Katie Louise Flanagan, University of Tasmania and Magdalena Plebanski, RMIT University
Prime Minister Scott Morrison announced on Wednesday the Australian government has signed a letter of intent to procure the University of Oxford’s vaccine for SARS-CoV-2 (the virus that causes COVID-19) and to provide it free to all Australians.
All the signs are promising so far, as the vaccine has been shown to provoke an immune response in humans and hasn’t yet caused serious side effects.
But there’s a risk the vaccine may not fully protect against COVID-19 in humans. It still needs to pass through phase 3 trials, which are currently recruiting and expecting results at the end of the year. So we can’t get too excited yet.
Importantly, it also hasn’t been tested on vulnerable groups, having mainly been tested so far on young, healthy individuals. It may still produce serious side effects we don’t yet know about.
For these reasons, and given there are more than 160 vaccines currently in development, the federal government is likely to sign further vaccine supply deals in the future — it doesn’t want all its eggs in one basket.
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What’s the vaccine?
The candidate vaccine, called “ChAdOx1 nCoV-19”, has been developed by University of Oxford researchers and is being tested in human trials in partnership with multinational pharmaceutical company AstraZeneca, which will also produce and market the vaccine.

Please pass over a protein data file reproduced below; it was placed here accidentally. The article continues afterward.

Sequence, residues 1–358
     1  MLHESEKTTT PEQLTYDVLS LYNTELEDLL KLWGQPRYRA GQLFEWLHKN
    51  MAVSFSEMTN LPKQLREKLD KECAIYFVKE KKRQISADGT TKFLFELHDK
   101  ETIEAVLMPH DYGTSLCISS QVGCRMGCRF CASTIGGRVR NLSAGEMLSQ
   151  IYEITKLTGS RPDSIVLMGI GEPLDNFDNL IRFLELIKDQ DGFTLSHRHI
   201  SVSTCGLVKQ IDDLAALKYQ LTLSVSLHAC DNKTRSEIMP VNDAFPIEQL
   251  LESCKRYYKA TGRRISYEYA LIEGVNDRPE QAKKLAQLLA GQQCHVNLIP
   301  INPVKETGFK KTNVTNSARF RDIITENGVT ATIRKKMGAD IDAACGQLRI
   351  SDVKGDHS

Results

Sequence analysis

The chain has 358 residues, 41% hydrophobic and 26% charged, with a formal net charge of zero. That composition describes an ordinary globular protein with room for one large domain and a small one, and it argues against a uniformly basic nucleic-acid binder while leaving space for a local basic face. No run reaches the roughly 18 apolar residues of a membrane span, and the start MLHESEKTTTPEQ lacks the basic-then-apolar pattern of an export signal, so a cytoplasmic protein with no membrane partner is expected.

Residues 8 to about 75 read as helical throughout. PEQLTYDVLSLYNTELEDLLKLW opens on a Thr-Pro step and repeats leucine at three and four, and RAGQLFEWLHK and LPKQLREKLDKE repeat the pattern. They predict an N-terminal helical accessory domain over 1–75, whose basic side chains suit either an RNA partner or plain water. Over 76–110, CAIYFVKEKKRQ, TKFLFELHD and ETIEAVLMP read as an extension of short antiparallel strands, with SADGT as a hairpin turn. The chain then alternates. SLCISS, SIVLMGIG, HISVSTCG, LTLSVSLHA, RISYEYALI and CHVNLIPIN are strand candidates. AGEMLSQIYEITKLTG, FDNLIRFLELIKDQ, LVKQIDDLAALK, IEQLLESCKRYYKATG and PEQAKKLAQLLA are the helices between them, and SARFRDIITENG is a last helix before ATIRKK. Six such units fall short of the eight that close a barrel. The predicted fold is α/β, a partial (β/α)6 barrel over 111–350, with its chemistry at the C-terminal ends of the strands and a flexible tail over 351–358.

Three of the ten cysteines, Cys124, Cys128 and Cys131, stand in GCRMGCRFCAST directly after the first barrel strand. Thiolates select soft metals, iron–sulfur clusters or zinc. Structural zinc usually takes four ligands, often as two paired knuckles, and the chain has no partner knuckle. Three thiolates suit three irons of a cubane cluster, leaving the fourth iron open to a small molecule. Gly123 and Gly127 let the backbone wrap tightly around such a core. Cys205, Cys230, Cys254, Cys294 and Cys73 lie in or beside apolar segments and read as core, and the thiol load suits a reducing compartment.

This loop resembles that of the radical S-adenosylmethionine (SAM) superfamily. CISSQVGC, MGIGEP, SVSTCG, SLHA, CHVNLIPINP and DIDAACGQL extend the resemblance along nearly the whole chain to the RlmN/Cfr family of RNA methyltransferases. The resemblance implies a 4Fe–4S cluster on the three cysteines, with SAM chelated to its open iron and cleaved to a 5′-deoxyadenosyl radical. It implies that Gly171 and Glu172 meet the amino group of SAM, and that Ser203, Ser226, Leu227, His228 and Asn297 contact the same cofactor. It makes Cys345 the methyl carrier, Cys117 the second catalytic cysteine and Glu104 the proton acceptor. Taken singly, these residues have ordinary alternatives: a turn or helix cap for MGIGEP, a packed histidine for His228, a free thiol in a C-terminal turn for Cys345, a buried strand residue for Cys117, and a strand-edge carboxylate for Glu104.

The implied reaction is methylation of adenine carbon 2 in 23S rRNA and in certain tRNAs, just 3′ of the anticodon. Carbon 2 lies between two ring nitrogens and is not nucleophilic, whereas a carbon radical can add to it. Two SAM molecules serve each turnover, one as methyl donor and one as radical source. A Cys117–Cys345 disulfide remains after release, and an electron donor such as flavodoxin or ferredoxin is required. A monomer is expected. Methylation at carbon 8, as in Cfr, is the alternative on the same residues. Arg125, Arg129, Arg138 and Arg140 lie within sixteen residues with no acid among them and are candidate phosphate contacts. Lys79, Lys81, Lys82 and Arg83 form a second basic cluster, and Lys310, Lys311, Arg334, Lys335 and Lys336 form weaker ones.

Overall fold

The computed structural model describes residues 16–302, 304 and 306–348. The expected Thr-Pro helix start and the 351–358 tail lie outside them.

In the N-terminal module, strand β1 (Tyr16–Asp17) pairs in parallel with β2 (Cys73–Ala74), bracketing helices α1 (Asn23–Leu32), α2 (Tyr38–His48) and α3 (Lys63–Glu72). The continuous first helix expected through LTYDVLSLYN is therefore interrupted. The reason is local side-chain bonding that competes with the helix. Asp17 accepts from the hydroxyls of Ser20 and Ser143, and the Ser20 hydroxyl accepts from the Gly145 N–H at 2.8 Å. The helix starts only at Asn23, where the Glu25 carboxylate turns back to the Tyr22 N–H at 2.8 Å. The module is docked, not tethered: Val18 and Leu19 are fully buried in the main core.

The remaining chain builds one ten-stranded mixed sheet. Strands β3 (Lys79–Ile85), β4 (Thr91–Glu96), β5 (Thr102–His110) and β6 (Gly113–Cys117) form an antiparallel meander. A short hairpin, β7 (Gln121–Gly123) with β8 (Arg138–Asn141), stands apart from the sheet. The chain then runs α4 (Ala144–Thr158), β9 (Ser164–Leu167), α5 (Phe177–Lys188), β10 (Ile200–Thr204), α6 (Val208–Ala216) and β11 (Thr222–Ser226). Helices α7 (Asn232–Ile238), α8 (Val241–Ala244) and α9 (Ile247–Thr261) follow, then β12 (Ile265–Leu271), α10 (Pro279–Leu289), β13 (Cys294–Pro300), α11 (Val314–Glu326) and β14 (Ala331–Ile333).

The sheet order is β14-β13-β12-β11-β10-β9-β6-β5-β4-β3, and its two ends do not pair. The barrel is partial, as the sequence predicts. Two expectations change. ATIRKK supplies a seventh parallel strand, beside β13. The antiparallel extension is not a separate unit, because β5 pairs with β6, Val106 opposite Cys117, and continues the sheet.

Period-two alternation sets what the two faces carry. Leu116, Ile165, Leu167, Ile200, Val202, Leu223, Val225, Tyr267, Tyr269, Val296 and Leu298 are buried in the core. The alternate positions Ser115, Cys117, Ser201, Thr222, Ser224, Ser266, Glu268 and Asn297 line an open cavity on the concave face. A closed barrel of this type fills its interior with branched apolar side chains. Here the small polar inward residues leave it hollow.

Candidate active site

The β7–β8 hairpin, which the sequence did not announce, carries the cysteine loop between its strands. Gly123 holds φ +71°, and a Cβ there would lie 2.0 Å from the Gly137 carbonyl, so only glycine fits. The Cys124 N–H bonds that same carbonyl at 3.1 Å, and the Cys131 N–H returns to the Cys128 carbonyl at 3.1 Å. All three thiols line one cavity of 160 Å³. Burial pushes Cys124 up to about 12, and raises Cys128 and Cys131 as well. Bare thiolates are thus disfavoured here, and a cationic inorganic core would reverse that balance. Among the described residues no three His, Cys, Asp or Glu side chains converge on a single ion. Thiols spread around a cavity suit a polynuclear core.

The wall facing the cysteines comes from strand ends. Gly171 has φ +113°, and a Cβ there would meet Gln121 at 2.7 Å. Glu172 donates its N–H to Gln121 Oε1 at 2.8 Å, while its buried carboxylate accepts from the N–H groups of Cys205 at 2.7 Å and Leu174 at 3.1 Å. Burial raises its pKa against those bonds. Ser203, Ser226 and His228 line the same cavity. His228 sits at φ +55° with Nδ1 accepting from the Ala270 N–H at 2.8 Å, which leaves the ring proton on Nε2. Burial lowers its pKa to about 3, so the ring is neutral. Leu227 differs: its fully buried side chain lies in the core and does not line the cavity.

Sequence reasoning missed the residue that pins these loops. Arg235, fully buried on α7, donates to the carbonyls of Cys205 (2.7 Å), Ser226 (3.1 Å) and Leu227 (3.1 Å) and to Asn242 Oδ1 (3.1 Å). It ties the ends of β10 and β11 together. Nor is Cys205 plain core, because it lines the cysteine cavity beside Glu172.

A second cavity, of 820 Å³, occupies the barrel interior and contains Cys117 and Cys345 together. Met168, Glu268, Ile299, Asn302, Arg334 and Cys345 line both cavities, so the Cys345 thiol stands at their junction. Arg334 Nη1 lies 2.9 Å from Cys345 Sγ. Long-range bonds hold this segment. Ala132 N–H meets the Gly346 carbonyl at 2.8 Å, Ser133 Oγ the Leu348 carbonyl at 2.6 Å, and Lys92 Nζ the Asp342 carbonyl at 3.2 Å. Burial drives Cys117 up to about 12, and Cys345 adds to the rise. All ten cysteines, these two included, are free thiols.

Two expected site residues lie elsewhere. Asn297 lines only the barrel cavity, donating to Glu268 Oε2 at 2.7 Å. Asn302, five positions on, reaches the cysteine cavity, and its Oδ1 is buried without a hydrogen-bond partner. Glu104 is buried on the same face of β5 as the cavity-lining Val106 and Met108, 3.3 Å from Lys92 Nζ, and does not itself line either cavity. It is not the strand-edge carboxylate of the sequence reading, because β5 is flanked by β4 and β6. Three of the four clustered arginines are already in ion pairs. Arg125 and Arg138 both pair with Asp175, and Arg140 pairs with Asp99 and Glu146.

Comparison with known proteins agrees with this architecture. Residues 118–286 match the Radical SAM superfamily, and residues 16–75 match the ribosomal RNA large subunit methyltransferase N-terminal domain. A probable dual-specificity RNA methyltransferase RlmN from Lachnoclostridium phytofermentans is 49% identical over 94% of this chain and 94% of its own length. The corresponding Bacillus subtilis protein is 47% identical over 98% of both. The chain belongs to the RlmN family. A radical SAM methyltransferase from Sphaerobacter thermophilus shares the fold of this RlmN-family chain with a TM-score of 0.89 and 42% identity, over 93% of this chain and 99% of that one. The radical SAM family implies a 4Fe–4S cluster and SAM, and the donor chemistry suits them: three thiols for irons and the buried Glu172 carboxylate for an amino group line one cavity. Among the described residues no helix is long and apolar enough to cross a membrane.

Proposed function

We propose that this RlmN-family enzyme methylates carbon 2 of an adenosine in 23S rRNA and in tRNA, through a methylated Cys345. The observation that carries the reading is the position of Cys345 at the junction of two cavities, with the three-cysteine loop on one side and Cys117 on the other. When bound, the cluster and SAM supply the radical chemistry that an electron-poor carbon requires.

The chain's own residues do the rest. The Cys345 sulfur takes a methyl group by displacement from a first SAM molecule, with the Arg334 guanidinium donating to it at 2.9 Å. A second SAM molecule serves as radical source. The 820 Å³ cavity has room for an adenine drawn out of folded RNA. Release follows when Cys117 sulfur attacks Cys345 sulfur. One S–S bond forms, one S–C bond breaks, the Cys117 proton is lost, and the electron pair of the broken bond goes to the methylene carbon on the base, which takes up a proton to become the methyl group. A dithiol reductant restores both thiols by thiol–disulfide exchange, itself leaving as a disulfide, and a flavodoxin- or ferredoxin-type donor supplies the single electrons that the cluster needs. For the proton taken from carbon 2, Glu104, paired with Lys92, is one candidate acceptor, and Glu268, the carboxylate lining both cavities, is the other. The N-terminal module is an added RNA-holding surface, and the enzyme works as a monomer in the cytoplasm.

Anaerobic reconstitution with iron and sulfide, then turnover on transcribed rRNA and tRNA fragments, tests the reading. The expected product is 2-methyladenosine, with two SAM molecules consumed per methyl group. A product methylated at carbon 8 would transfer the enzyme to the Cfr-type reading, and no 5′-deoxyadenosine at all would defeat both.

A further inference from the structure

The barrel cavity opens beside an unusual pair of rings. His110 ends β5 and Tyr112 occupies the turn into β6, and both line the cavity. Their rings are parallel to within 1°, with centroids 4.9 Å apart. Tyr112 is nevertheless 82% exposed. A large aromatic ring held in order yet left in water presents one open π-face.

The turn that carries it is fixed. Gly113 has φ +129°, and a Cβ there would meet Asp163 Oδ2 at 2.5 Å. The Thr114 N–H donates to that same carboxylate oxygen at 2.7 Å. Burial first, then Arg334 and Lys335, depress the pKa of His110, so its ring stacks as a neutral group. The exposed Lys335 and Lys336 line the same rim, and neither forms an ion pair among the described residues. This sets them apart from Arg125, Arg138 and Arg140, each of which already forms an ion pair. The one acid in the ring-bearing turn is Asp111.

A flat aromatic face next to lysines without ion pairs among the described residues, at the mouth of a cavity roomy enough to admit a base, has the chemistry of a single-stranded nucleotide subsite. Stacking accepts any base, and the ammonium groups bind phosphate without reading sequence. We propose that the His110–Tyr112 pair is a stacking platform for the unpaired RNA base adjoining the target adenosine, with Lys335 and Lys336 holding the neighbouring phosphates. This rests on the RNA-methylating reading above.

The vaccine uses a virus that naturally infects chimpanzees, called chimpanzee adenovirus, as a way to carry the gene for the SARS-CoV-2 spike protein into human cells. The human cells then express this gene, producing significant amounts of SARS-CoV-2 spike protein inside the body, which the immune system then produces antibodies against. Because SARS-CoV-2 uses its spike protein to invade human cells, the presence of these antibodies induced by the vaccine should hopefully prevent SARS-COV-2 from entering and infecting the cells.
The vaccine also stimulates the production of special immune cells called T cells, which may kill infected human cells that have virus hiding inside of them. Importantly, the next time the immune system of a vaccinated person sees the SARS-COV-2 spike protein, it knows what to do, and generates antibodies and T cells even faster, showing immunological memory.
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Where are the trials up to?
Oxford’s vaccine is one of the frontrunners. It was initially tested in primates, who were vaccinated and then exposed to the virus – with promising results showing decreased amounts of virus (viral load) in their lungs and preventing pneumonia in all the animals studied.
It was then tested in humans, with the results reported in peer-reviewed publications suggesting it’s safe and can produce an immune response.
In one study, published in The Lancet in July, 543 healthy adults were immunised with the vaccine. It didn’t cause any serious or concerning adverse effects, but many people experienced mild symptoms. Around two-thirds experienced pain at the injection site, 70% experienced fatigue, and 68% suffered headaches — although these symptoms are typical of many vaccines. These mild symptoms were relieved for some participants with paracetamol.